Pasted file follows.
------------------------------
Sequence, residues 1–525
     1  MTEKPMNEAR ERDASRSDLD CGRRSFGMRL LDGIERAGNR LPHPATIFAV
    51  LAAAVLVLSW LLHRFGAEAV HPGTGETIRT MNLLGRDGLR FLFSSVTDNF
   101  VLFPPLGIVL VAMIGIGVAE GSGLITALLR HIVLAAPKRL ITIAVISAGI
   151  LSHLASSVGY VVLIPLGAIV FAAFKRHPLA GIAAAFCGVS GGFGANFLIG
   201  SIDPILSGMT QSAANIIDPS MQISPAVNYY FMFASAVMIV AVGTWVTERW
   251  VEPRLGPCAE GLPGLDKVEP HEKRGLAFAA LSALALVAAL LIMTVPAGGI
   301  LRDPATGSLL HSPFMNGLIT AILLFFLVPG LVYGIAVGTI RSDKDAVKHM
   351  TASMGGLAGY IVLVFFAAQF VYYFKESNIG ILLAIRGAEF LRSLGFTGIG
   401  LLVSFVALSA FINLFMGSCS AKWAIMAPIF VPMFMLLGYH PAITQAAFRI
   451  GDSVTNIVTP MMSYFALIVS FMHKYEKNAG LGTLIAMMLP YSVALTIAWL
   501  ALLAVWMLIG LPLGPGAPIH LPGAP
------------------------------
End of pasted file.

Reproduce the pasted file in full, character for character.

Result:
Sequence, residues 1–525
     1  MTEKPMNEAR ERDASRSDLD CGRRSFGMRL LDGIERAGNR LPHPATIFAV
    51  LAAAVLVLSW LLHRFGAEAV HPGTGETIRT MNLLGRDGLR FLFSSVTDNF
   101  VLFPPLGIVL VAMIGIGVAE GSGLITALLR HIVLAAPKRL ITIAVISAGI
   151  LSHLASSVGY VVLIPLGAIV FAAFKRHPLA GIAAAFCGVS GGFGANFLIG
   201  SIDPILSGMT QSAANIIDPS MQISPAVNYY FMFASAVMIV AVGTWVTERW
   251  VEPRLGPCAE GLPGLDKVEP HEKRGLAFAA LSALALVAAL LIMTVPAGGI
   301  LRDPATGSLL HSPFMNGLIT AILLFFLVPG LVYGIAVGTI RSDKDAVKHM
   351  TASMGGLAGY IVLVFFAAQF VYYFKESNIG ILLAIRGAEF LRSLGFTGIG
   401  LLVSFVALSA FINLFMGSCS AKWAIMAPIF VPMFMLLGYH PAITQAAFRI
   451  GDSVTNIVTP MMSYFALIVS FMHKYEKNAG LGTLIAMMLP YSVALTIAWL
   501  ALLAVWMLIG LPLGPGAPIH LPGAP